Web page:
Wednesday, September 19, 2018
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Goodbye to cabin in woods

My grandmother’s ghost is here.

I can feel her as she floats above the North Fork Big Thompson River rushing below and as she soars above the towering spruces in the glow of the full moon.

This place, nestled along the North Fork and several miles from the hustle and bustle of Estes Park, CO, was special to her and my grandfather.

They became familiar with the area when my grandfather traveled there with college friends. He and my grandmother later honeymooned in Estes in 1927, vowing to buy a place if the money ever became available.

It did and, in 1958, my grandparents christened their new cabin “The Jug.”

Our family drove up every summer for pancakes on the porch, a trip to Trout Haven in Estes, swims in the frigid Big Thompson, nightly showers with a peeping mouse and endless play with rubber tomahawks and spears my brother and I finagled my parents into buying from a tourist shop.

By the late 1970s, my grandfather was no longer in this world and my father and aunt bought a larger cabin just around the bend from “The Jug.” They named it “The Spruces.”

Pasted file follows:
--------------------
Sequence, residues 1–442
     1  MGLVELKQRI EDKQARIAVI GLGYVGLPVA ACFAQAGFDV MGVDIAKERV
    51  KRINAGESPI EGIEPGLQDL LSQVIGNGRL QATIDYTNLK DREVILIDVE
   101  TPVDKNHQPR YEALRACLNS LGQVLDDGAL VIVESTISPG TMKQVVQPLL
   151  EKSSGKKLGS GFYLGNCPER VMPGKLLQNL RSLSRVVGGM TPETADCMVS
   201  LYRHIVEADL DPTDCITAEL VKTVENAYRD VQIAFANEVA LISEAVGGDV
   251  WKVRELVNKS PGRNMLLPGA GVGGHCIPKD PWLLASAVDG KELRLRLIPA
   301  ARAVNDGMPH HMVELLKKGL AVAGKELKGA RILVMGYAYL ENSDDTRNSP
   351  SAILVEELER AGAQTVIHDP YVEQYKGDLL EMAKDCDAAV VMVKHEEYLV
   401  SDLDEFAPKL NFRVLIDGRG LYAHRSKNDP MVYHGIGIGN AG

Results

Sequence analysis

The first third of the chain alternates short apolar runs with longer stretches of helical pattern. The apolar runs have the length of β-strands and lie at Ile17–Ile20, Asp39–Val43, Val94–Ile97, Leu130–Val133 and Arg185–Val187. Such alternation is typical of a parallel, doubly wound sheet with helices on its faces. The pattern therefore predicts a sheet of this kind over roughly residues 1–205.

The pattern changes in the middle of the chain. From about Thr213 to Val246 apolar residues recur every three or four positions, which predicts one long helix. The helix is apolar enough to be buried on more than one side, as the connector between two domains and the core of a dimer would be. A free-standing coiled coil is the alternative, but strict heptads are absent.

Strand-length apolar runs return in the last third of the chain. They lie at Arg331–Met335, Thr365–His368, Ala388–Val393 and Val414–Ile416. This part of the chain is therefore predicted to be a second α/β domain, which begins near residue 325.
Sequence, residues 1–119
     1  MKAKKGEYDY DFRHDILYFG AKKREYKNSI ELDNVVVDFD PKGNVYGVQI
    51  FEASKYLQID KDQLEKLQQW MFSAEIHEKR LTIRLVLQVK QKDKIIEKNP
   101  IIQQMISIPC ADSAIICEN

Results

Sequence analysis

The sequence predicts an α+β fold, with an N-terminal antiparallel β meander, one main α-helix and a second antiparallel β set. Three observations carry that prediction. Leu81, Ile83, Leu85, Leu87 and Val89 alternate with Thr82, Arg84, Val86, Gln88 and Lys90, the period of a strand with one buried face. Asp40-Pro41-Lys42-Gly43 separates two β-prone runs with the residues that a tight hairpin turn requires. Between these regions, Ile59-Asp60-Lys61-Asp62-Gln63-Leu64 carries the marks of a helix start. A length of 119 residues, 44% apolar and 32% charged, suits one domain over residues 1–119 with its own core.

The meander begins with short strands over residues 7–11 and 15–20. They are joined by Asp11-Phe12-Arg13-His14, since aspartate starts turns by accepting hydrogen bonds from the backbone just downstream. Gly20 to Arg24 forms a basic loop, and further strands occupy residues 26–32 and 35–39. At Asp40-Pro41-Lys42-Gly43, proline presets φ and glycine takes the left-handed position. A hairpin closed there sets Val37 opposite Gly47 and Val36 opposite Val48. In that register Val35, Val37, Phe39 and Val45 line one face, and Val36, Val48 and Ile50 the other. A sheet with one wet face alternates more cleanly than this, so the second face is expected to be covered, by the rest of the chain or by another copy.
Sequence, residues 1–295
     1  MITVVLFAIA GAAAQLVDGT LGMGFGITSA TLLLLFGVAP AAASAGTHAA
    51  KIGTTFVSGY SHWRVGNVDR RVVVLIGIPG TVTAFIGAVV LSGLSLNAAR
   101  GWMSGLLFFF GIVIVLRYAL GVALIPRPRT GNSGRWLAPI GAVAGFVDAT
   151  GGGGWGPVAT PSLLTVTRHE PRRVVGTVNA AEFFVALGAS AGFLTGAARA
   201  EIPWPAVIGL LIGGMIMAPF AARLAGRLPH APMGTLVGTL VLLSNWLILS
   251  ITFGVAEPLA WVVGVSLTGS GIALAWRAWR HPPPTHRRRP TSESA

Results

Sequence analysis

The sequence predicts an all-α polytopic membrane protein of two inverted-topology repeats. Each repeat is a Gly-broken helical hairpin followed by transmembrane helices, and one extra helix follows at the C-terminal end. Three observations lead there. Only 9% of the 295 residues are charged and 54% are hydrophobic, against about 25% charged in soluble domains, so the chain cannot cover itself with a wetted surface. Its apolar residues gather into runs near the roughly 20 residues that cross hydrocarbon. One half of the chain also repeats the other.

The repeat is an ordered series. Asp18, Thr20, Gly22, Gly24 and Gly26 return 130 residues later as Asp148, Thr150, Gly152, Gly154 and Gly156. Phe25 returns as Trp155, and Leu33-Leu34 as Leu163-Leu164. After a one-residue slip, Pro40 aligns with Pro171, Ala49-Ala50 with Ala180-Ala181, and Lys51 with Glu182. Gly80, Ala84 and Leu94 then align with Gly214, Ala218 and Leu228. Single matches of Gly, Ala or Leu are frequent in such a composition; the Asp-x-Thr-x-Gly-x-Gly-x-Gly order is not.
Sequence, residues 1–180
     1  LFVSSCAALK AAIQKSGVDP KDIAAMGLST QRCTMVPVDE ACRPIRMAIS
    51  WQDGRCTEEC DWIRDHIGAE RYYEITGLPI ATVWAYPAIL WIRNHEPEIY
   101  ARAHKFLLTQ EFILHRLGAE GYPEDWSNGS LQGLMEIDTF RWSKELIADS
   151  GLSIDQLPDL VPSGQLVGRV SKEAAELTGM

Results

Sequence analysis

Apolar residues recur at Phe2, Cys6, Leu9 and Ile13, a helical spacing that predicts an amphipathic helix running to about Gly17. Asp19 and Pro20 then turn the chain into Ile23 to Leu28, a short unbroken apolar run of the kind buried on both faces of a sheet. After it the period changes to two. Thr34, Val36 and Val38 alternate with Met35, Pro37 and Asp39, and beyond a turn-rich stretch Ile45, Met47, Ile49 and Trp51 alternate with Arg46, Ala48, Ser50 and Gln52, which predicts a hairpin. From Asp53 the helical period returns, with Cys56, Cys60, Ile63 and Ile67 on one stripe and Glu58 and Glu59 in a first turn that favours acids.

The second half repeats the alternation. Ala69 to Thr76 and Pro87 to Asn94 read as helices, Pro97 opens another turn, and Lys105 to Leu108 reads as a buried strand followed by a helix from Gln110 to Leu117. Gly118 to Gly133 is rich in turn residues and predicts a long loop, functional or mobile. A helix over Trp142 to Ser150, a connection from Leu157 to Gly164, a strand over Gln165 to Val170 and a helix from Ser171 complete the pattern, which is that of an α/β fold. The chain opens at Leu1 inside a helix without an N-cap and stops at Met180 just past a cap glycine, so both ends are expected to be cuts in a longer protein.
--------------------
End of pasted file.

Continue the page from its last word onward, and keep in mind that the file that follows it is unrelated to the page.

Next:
The second cabin is where some of their children spent their honeymoon, where grandchildren played in the generous yard and where we made sugar water to hang in feeders for the hummingbirds.

Through the years, we all trudged down the dusty road to Glen Haven for cinnamon rolls at the General Store and, for the more adventuresome, to Buckskin Bo’s for horseback rides up the mountain.

Last weekend, my parents and I took pictures from the walls, tools from the garage, a rocking chair and other items and packed them in the car.

New owners have bought the property and will move in next month.

I feel empty and sad.

At this moment, I want to hold on to the cabin and the family relationships forged there, instead of allowing them to teach me about farewells.

Yet our lives have cycles that are as natural as the ebb and flow of the tide or the waning and waxing of the moon. All are valid, according to writer Anne Morrow Lindbergh.

For me, accepting this change with willingness is the challenge.

That will come and go.

Just like my grandmother’s ghost.


“Every arrival foretells a leave-taking: every birth a death. Yet each death and departure comes to us as a surprise, a sorrow never anticipated. Life is a long series of farewells; only the circumstances should surprise us.”—Jessamyn West